Deontay Wilder retains Heavyweight Title in Thriller
I've spent a large amount of my professional photographic career covering the sport of boxing, a sport I use to compete heavily in myself. I love both the athletes and the atmosphere and it is here that I feel most comfortable in my element. Boxing and I just go well together. Though I've captured so many famous moments, fighters and memories, I can honestly say none can top the feeling of my past 72 hours in NYC. I was brought in by boxing photo master Ed Diller to assist him during the WBC World Heavyweight Championship event between current champ Deontay Wilder (40-0) and Luis Ortiz of Cuba. I was required to capture the locker room happenings and any other special occurences that may arise, and get the photos to Ed on deadline for the promoter of the event. It was a lot of work to keep track with 10 scheduled bouts featuring twenty different fighters, but I was up for the challenge. The most challenging thing all weekend was the maze I was thrown into, The Barclays Center in Brooklyn is massive, lets just say that. The elevator alone carries full sized semi trucks and trailer down to the lower level and then the entire floor rotates to spin them into position to unload.....yeah, this was a BIG event. Ed and I prepped for a good 18 hours to get our game plan in order, and I am glad we did. Be sure to check out his Instagram when you get a moment @Edjr18. its pretty cool.
Undefeated heavyweight world champion Deontay “The Bronze Bomber” Wilder retained his WBC title in his seventh defense with a tenth round knockout over unbeaten challenger Luis “The Real King Kong” Ortiz in a thrilling back-and-forth SHOWTIME CHAMPIONSHIP BOXING main event this past Saturday night from Barclays Center, the home of BROOKLYN BOXING®.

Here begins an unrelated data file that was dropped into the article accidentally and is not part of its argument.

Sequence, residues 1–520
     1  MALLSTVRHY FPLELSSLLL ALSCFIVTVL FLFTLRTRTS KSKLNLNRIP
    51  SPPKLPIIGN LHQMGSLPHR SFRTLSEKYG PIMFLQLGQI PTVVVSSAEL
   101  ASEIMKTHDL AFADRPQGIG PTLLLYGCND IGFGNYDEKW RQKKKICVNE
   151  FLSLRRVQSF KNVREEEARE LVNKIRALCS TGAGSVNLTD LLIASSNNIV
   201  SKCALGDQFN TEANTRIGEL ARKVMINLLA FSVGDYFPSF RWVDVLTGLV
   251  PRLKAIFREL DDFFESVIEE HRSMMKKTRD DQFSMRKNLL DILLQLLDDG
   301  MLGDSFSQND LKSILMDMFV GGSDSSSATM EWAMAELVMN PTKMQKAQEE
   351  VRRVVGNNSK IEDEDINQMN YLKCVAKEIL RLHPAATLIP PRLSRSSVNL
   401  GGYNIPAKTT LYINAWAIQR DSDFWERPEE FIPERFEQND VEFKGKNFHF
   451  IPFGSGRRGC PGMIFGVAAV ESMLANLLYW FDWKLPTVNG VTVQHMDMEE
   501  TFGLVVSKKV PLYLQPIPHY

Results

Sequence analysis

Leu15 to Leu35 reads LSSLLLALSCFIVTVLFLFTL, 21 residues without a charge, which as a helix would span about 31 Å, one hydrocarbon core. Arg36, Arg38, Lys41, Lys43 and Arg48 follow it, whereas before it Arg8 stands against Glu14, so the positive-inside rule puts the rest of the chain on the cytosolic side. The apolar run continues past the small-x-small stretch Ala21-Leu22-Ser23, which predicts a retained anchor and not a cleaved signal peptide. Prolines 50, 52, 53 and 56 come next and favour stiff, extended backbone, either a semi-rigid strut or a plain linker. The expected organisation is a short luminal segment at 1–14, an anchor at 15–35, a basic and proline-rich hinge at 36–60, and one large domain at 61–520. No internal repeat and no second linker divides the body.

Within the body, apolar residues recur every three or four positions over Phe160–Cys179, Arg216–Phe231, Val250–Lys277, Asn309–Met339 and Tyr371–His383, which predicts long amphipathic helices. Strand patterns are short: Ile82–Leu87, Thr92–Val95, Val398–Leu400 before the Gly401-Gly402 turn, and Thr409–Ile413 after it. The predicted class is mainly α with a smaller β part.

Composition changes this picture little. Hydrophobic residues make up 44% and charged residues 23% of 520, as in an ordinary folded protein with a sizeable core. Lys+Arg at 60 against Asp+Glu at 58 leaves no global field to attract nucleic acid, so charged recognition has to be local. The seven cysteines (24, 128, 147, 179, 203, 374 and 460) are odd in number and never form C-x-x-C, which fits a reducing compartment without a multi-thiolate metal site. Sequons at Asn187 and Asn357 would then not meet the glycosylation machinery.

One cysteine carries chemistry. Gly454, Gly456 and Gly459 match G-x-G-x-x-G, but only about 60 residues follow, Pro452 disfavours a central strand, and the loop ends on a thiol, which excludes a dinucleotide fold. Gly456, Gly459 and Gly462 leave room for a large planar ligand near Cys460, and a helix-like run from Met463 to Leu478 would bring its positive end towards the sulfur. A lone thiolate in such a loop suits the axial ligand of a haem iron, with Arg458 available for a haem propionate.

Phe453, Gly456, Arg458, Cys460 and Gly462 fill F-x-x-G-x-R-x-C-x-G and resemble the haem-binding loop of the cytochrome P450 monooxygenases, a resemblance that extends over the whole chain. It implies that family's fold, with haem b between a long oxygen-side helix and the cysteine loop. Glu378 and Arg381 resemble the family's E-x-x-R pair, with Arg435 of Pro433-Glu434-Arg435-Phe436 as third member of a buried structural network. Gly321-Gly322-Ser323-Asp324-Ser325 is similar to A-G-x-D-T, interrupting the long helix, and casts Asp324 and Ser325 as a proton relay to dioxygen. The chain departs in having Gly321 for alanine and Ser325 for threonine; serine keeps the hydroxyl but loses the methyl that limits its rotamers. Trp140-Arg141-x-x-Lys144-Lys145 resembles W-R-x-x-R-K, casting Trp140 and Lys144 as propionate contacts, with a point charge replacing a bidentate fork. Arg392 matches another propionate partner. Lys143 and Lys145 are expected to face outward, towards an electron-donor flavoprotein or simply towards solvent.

Wilder (40-0, 39 KOs) not only survived the toughest test of his career but also finished the job in spectacular fashion by unleashing a ferocious 10th round assault on Ortiz (28-1, 24 KOs). Wilder floored the Cuban challenger twice in the round, forcing referee David Fields to stop the fight at 2:05 of the round. Watch the knockout video HERE.
Oritz looked like he would dethrone Wilder in the seventh round, countering with a strong right hand that hurt the WBC heavyweight champion. Ortiz unleashed a barrage of punches against a stunned Wilder, who somehow managed to stay on his feet to close the round before being saved by the bell. Ortiz continued his assault on Wilder into the eighth round, who again managed to make it through the round.
In the ninth round, Wilder began to rebound as he knocked Ortiz off-balance with a straight right hand. America’s only reigning heavyweight champion was firmly back in the fight as he landed a strong combination on Ortiz to close the round, completely changing the momentum of the fight.
Both fighters came out strong at the start of the tenth round, landing simultaneous blows that made each fighter temporarily wobbly. But it was Wilder who capitalized on the moment, as the Alabama-native pounced on Ortiz, sending his opponent to the canvas for the second time of the night with a flurry of overhand right hands. A dazed Ortiz returned to his feet, but was unable to withstand a follow-up assault from a confident Wilder, who landed an uppercut that sent Ortiz to the canvas for the third and final time.
Following his third successful title defense at Barclays Center, an emotional Wilder spoke to SHOWTIME Sports reporter Jim Gray about the most difficult fight of his career.
“A true champion always finds a way to come back and that’s what I did tonight,” said Wilder. “Luis Ortiz is definitely a crafty guy. He put up a great fight. We knew we had to wear him down. I showed everyone I can take a punch.